The bicycling gods have smiled on me, but they work in mysterious ways: by killing my car battery, to be exact. They say it takes two weeks to form a new habit. After challenging myself last week to ride anywhere I went alone, the challenge unexpectedly continues this week.
With my car out of commission, the principle challenge to ride everywhere became one of necessity. I've found the real obstacles to my success are the excuses I make not to ride. Now, with no car to lean on, my excuses simply don't matter. I view this as a gift, an opportunity to debunk my irrational reasoning:
1. Weather: "I can't ride today - it's too windy... too rainy...too hot... too cold."
It's an unavoidable fact: bicycle riding pits man against nature. Since I started riding, I've become compulsive about checking the weather. Even the slightest chance of rain is reason enough for me to jump behind the wheel rather than hop behind the handle bars. Lately, the wind has become my biggest weather nemesis. When faced with stiff gusts, tears involuntarily stream from my eyes. As air rips through my jacket and my marrow, I pedal in the lowest gear, going so slowly that retired couples pass me on foot. I try to focus on the benefits of resistance training, but instead I regret having to ride at all.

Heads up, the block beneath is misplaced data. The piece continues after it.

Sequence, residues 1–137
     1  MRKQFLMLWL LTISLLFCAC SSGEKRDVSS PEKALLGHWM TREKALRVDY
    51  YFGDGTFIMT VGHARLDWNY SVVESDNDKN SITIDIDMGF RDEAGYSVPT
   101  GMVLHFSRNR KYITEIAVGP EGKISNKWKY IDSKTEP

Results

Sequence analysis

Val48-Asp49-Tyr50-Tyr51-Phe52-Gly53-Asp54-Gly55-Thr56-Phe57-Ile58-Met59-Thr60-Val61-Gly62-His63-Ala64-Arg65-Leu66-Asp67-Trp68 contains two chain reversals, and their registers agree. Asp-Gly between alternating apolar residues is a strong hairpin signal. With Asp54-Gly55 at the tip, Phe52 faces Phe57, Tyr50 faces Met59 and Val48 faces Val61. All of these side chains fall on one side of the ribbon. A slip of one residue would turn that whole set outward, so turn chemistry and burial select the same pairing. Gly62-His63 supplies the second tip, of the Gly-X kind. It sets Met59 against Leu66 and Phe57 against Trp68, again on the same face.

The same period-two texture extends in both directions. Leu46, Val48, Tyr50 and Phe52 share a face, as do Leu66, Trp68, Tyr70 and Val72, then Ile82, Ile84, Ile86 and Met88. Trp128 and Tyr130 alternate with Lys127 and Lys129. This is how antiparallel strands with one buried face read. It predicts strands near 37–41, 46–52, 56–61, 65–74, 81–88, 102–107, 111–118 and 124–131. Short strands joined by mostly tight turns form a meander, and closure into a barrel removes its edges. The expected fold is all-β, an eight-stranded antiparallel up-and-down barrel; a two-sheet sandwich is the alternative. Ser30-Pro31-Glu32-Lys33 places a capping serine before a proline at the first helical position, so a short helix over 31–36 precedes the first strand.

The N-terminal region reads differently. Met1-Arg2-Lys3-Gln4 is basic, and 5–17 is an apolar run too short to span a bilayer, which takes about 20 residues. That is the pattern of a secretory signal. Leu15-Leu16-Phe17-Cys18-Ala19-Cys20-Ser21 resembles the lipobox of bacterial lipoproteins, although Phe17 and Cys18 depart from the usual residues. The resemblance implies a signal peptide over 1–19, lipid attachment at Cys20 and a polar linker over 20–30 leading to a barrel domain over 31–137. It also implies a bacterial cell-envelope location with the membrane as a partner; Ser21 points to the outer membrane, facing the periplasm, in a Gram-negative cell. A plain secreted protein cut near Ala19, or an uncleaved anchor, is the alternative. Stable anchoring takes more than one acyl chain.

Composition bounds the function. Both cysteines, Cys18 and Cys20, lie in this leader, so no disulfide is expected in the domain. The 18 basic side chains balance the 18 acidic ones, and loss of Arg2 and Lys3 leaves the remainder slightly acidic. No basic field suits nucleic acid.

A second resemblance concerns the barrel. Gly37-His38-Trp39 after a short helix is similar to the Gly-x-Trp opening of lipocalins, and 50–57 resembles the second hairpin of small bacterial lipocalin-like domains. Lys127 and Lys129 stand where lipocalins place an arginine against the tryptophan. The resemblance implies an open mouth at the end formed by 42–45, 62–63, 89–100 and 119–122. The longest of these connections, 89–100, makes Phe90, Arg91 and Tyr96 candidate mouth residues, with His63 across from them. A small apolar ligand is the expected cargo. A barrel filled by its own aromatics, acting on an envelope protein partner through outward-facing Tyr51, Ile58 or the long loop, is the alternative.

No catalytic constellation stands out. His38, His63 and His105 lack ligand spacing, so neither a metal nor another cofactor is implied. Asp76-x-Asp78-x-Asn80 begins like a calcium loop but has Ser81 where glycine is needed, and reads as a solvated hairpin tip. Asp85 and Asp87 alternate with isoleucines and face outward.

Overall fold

However, the bout isn't always bad. The fragrance of spring flowers doesn't make it through my car's AC, but by bike any blooming bush becomes an odoriferous feast. It's all a matter of mindset.
2. The Aches: No bones about it, I'm out of shape.
Cycling uses parts of my body I had forgotten existed. But there's a price to pay for prodding my muscles into existence. So far, my lower back has given out, I've pulled muscles in both of my thighs and my left knee feels chronically stiff. According to WebMD (the cheapest way to avoid healthcare), this is a normal bodily reaction to new physical activity called "micro damage." But I'm not completely sold. I took a few days off to nurse my stiff knee, but then once I had reasonably recovered, I kept using the possibility of pain as an excuse not to ride.
If I can't work through "micro damage", does that make me a macro weenie? I guess I have no choice but to keep pushing.
3. Hot-mess syndrome: "I can't ride my bike to meet friends for dinner; I'll turn up a hot mess."
From helmet hair and the unseemly red line left on my forehead by the helmet, to sweat-drenched armpits, its easy to feel unsure. But NUVO photography intern Brandon Knapp changed my perspective entirely when he said, "Wear the red line on your forehead as a badge of intelligence."
Which leads me to the question: Can I wear hot-mess syndrome as a badge of self-improvement?
4. Traffic: "I can't ride right now: It's rush hour, and drivers are crazy."
Many an afternoon/early evening, when I've finished my work for the day, I'll head to the grocery for dinner ingredients. But the thought of facing down rush-hour craziness has me choosing to join auto-mania instead of biking the short distance. I've got no way to get around rush-hour insanity as a lone beginner bicyclist, but INDYCOG does.
Their Courteous Mass Bicycle Ride "emphasizes being a part of traffic instead of apart from it - to be a visible positive example of the cooperation that can exist between cars and bicycles." This mass bike ride, starting at the American Legion Mall at 5:45 p.m. every second Friday of the month, lets cyclists who care lead by example. There really is strength in numbers when it comes to cycling.